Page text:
The Accounting Equation
What is the Accounting Equation?
Financial analysis often involves both using or analyzing historic information and forecasting forward-looking financial statements. A thorough understanding of the engineering behind financial statements is essential for a valuation assignment or an M&A transaction.
The balance sheet is the linchpin of the structural integrity of the three key financial statements. It must always balance and the fundamental accounting equation, assets equals liabilities plus equity, provides the basis for the recording of all business transactions. Each transaction must be recorded so that the equation is in balance once the processing has taken place.
Assets = Liabilities + Equity
Key Learning Points
- The accounting equation is the basis of the balance sheet which provides a snapshot of a company’s financial position
- The equation must always balance as it highlights the impact of a transaction on at least two sets of accounts
- An asset is a resource controlled by an entity with the expectation of producing future economic benefits, a liability is a present financial obligation as the result of a previous transaction and equity is the ownership interest in the business
Understanding the Equation
Accountants use the language of debits and credits to describe the recording of transactions, but it is more important to understand how they impact assets, liabilities and equity. A business may take out a bank loan of 5m, cash will increase by 5m and liabilities will also increase by 5m. Accountants describe this as; debit cash and credit bank debt.
It is important to understand the definitions of each component in the equation. An asset is a resource, controlled by the business, that is expected to provide benefits in the future. Common examples include inventory, account receivables and PP&E (property, plant and equipment).
Liabilities are obligations as a result of a past transaction. These items provide a source of funding to run the operations of the business. For example, accounts payable are monies owed to suppliers as a result of that supplier delivering goods or services at some time in the past.
Equity is the ownership stake in the business. It too provides a source of funding but is different from a liability because no repayment obligation exists. Retained earnings are all the profits made to date but unpaid to the owners in the form of dividends. Because profits are generated for the shareholders, retained earnings is theoretically due to the business owners. However, there is no obligation to pay this amount.
Illustrating the Equation
Let us imagine a business is set up and enters into a series of transactions over the first period. All transactions are recorded by the accounting system and used to produce an income statement, balance sheet and cash flow statement.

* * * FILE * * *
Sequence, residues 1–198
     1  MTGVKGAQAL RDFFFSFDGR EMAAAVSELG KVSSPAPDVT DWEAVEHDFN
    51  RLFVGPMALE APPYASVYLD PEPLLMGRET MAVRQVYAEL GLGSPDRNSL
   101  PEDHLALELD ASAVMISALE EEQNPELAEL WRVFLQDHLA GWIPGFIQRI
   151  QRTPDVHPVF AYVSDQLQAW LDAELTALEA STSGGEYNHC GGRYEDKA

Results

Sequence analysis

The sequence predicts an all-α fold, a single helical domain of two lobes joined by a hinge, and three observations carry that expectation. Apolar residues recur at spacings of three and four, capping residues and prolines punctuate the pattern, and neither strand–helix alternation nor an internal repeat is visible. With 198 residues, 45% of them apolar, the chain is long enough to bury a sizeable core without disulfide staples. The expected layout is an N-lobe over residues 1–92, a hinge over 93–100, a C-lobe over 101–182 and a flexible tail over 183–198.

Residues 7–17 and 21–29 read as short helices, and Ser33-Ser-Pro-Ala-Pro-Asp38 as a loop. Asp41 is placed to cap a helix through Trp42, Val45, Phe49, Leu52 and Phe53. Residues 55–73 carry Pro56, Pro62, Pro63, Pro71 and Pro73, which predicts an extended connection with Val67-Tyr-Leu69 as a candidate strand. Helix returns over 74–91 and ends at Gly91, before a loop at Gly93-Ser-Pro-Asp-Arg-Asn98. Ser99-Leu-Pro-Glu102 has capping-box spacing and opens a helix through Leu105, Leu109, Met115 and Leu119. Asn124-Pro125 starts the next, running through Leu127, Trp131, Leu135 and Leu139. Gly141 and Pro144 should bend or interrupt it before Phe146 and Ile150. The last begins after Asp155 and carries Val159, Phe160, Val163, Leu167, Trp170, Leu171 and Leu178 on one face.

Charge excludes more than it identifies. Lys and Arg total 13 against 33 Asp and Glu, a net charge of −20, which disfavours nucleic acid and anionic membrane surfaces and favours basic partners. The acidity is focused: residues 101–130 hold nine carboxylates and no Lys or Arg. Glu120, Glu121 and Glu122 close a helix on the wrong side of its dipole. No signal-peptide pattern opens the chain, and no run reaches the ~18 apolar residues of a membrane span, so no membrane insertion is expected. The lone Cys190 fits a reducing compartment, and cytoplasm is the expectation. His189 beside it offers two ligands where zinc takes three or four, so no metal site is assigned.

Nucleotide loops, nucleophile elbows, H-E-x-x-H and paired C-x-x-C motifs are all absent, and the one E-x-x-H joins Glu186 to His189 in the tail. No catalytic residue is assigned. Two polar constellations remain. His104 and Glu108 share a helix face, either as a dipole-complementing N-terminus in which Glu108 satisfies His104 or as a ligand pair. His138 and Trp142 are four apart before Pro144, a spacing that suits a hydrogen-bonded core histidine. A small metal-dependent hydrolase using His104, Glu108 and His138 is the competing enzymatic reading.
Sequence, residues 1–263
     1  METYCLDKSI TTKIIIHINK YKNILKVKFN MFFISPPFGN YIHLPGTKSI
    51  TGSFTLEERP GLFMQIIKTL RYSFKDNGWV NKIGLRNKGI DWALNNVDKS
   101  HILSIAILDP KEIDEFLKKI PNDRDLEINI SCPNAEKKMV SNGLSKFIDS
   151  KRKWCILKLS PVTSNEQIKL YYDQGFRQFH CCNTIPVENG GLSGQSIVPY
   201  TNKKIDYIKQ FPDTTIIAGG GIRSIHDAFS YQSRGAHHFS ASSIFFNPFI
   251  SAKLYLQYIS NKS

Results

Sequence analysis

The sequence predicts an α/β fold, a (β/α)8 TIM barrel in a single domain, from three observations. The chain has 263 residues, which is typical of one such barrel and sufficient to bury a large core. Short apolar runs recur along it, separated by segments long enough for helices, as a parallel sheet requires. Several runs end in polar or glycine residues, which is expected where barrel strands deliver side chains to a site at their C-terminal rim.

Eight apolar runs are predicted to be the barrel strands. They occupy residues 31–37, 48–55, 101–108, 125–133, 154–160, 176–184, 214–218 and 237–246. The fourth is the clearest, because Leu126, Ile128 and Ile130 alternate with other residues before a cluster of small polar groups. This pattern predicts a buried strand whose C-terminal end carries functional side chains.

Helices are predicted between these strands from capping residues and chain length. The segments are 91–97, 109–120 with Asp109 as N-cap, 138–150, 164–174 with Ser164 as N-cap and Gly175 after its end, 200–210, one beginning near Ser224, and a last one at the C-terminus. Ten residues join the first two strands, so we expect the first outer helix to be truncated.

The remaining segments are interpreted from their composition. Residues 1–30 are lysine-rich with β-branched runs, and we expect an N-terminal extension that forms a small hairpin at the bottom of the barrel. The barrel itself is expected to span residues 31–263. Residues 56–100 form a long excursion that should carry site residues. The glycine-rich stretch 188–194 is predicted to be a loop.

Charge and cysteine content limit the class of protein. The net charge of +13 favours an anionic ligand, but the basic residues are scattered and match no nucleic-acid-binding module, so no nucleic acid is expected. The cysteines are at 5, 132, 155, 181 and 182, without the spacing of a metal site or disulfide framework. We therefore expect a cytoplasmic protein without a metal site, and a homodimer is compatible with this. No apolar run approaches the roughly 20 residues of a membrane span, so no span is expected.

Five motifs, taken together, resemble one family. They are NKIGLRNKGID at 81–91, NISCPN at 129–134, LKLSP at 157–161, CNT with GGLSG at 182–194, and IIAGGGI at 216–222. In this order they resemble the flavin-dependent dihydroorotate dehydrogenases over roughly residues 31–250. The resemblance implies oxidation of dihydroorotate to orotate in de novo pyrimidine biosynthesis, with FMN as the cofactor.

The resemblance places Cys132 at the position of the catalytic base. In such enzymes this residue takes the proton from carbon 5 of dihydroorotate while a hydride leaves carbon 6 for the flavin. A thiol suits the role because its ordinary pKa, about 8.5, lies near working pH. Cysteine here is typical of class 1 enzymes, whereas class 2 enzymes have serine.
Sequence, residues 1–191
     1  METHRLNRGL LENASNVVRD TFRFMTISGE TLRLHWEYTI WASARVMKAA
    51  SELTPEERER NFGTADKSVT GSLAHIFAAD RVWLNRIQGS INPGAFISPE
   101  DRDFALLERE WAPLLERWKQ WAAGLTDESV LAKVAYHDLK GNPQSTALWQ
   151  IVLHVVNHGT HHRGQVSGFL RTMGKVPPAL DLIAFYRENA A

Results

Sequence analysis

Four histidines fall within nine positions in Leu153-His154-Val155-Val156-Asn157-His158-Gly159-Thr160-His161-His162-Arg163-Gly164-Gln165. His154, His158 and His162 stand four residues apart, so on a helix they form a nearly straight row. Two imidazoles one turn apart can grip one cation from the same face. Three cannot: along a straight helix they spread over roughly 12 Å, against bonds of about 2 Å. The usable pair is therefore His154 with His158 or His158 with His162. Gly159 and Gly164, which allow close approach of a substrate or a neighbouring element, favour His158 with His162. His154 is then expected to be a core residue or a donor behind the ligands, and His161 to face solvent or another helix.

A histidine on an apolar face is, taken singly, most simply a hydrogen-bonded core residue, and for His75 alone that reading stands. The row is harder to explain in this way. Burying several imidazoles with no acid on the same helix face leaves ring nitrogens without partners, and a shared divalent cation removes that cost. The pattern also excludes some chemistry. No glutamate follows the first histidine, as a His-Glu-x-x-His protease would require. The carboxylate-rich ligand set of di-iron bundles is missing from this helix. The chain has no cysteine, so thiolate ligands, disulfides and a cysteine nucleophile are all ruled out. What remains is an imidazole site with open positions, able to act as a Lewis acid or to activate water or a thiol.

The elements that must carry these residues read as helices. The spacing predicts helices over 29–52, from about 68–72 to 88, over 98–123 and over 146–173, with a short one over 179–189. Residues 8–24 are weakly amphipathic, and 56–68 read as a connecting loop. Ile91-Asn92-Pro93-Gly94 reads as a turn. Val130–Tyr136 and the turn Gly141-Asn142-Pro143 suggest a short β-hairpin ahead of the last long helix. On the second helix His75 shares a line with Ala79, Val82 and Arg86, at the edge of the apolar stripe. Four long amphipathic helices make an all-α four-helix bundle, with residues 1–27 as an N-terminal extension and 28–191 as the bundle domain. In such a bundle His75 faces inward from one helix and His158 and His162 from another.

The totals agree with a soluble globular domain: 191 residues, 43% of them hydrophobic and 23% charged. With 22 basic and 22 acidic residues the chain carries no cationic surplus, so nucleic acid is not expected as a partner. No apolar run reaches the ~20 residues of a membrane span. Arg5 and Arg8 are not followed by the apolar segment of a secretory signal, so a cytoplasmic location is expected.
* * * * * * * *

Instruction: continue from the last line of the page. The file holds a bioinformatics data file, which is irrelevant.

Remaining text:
A business is set up with a 50,000 investment by the owners
The investment by the shareholders is structured as a share issue of 10,000 shares, issued at 5.00 each. The nominal (or par) value is 1.00, and the accounting rules require the par amount to be reported separately from the additional above par. The additional amount above par is reported in an account called additional paid-in capital or share premium.
Property, plant and equipment (PP&E) was purchased for 10,000
This was paid for with cash. The accounting engineering records the new asset and the use of cash.
Inventory was purchased on credit from suppliers for 12,000
The inventory asset is recorded and the obligation to pay the suppliers is reflected as a liability.
Salaries were paid in cash amounting to 3,000
First, the cash account is decreased by the monies spent. However, an asset cannot be recorded because of the uncertainty of future benefit accruing from the salary expenditure. The balancing entry is a reduction in the equity of the shareholders. It is, in fact, an expense and all expenses reduce retained earnings which is part of the shareholder’s equity.
The process of recording these transactions will continue across the period. In reality, a business may have thousands, with each one affecting at least two accounts.
Producing the Financial Statements
To produce the balance sheet at the end of the period, all transactions are processed for each line item. For a start-up business, the beginning amounts for all accounts are zero. The cumulative impact of all the additions and subtractions gives the ending amount which appears in the balance sheet at the end of the period.
An income statement will also be produced and explains the changes in retained earnings during the period. Net income increases retained earnings balance; dividends decrease it.
Finally, a cash flow statement can be produced for the period and reports the change in cash balances between periods. It is presented into operating, investing and financing flows.
You can download our free excel workout to test your understanding of the accounting equation. See if you can engineer the three financial statements.